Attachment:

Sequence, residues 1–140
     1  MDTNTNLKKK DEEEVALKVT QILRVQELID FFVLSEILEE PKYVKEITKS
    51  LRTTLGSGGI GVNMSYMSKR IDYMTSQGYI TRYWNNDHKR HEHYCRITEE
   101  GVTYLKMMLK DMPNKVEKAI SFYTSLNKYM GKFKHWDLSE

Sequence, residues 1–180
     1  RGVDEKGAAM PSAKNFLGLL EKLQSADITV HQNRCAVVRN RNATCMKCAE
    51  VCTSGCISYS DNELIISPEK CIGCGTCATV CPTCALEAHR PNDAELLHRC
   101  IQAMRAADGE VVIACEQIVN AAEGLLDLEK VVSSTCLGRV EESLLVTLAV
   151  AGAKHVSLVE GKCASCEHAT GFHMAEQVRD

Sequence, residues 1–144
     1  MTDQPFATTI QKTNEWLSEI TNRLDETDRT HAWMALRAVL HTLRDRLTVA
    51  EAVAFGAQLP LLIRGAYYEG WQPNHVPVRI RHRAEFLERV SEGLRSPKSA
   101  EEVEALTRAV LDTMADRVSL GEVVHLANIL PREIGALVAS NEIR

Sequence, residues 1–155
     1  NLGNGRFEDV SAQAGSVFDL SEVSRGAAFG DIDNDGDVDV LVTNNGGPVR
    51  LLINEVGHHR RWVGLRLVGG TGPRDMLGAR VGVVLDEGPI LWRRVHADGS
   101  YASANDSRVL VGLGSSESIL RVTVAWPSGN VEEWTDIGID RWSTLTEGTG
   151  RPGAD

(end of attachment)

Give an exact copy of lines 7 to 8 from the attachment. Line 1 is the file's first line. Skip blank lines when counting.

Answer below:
    51  VCTSGCISYS DNELIISPEK CIGCGTCATV CPTCALEAHR PNDAELLHRC
   101  IQAMRAADGE VVIACEQIVN AAEGLLDLEK VVSSTCLGRV EESLLVTLAV